“If the school official’s thought process,” Souter asked, “was ‘I’d rather have a kid embarrassed rather than some other kid dead,’ isn’t that reasonable under the Fourth Amendment?” Stated in that stark way almost compelled agreement, without regard to whether a student singled out for a strip search was actually adding to such a risk, but was only the target of a classmate’s unverified tip.The student's ACLU lawyer seems to be proposing a reasonable framework for such searches; however, the justices don't seem to be buying the idea.
Along with Souter, two other Justices whose votes might turn out to be crucial — Stephen G. Breyer and Anthony M. Kennedy — were plainly more concerned about the drug problem than with student privacy. Both of those Justices, in past cases involving students and suspected drug use, have suggested that students’ rights were not very sturdy.
Adam Wolf, a lawyer for the American Civil Liberties Union who represented the Reddings, said the court should draw a line between "ordinary searches" and strip-searches. He said Savana had no objection to the principal looking through her backpack and belongings.The Court has mandated that there have to be hearings before a student can be suspended from school, so it would seem that they could mandate a two-step possibility for the more intrusive search. Knowing what kids can be like, I worry that, if the Court upholds the power of school administrators to conduct strip searches on the basis of one student's accusation, we'll see other students seeking to cast suspicion on other kids just to force them to submit to such a search. Apparently, the student who made the accusation in this case was never disciplined when it became clear that her accusation was false.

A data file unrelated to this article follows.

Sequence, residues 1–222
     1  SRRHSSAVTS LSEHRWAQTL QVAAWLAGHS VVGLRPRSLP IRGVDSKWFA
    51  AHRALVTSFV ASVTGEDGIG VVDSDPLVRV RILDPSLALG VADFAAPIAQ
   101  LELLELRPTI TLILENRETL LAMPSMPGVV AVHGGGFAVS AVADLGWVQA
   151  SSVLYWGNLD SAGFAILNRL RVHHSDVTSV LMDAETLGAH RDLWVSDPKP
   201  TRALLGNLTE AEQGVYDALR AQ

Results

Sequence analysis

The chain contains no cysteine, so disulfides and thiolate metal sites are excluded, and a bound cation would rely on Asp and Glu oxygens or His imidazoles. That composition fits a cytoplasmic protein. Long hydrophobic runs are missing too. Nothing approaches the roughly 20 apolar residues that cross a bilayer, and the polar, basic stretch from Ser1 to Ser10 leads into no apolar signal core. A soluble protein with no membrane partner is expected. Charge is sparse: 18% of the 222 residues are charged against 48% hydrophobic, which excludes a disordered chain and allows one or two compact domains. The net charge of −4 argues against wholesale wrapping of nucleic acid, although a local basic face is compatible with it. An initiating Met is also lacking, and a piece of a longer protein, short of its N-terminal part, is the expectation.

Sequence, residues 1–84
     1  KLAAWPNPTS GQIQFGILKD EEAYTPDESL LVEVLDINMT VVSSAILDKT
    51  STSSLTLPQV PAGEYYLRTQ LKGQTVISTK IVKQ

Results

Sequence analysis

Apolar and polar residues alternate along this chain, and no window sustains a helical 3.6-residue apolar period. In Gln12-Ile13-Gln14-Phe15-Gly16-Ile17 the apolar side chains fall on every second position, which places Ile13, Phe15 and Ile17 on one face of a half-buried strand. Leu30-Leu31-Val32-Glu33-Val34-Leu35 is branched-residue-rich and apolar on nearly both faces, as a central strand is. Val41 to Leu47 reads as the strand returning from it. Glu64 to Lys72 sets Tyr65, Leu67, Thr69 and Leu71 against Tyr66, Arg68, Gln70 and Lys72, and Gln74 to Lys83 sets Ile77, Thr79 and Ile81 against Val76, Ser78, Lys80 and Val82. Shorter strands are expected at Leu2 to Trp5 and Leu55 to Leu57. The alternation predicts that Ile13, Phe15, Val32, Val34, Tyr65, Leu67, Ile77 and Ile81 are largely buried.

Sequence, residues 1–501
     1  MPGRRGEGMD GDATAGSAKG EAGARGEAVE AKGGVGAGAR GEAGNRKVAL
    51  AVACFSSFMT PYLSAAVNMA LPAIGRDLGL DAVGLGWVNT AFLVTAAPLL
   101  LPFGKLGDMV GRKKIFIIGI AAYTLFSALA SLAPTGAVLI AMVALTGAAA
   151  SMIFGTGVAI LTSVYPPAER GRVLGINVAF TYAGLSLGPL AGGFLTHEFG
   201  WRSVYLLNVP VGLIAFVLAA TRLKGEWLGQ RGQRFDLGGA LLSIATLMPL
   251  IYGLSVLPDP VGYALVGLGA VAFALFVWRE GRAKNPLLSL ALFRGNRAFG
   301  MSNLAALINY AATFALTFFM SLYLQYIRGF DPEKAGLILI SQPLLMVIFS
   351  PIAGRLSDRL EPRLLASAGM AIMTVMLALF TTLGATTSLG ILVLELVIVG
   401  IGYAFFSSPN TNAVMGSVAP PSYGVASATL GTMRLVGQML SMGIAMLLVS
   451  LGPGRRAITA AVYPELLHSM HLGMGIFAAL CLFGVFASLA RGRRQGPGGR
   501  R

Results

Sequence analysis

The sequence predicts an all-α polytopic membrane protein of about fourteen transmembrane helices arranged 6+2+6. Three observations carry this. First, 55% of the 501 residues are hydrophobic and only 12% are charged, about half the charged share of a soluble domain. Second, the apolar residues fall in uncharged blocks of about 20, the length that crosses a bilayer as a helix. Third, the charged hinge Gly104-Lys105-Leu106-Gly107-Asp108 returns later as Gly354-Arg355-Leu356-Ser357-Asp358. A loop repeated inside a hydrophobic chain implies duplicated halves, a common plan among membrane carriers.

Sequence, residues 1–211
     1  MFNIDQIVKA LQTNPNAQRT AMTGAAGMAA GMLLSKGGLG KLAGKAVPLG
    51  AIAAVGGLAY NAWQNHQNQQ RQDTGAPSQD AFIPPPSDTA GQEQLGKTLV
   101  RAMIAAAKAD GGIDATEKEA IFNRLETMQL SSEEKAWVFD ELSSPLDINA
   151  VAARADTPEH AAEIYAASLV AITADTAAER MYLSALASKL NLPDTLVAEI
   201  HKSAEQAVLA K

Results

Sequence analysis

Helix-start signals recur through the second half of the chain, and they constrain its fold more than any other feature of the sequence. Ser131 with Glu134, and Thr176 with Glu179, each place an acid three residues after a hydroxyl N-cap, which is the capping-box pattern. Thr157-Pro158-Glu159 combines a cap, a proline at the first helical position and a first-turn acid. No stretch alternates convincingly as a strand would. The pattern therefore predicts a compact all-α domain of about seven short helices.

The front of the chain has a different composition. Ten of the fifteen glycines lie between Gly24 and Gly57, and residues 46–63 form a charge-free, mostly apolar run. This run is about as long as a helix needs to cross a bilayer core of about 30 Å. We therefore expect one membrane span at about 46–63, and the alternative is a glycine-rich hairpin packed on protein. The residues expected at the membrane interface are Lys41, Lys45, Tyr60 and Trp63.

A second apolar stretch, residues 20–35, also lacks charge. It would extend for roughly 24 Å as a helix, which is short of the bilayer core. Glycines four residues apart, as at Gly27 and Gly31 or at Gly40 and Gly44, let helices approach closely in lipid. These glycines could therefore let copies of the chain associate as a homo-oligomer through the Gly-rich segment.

Wolf said that the vice principal had no reason to believe pills were hidden in her underwear, so the strip-search was unreasonable. A Justice Department lawyer also urged a limit on strip-searches.
School administrations and school boards can make their own reasonable rules regarding such searches. They don't need the Supreme Court to determine what is reasonable. But that is where the question has landed and so we get such moments as this priceless gem from Stephen Breyer that cracked up everyone in the courtroom, particularly Clarence Thomas.
"In my experience when I was 8 or 10 or 12 years old, you know, we did take our clothes off once a day, we changed for gym, OK? And in my experience, too, people did sometimes stick things in my underwear."Right. Poor little Stephen being bullied by other kids sticking things in his underwear. That's a mental image you didn't need to start the day, was it? Somehow, I don't want to picture any of the justices roaming around their school locker rooms in their underwear.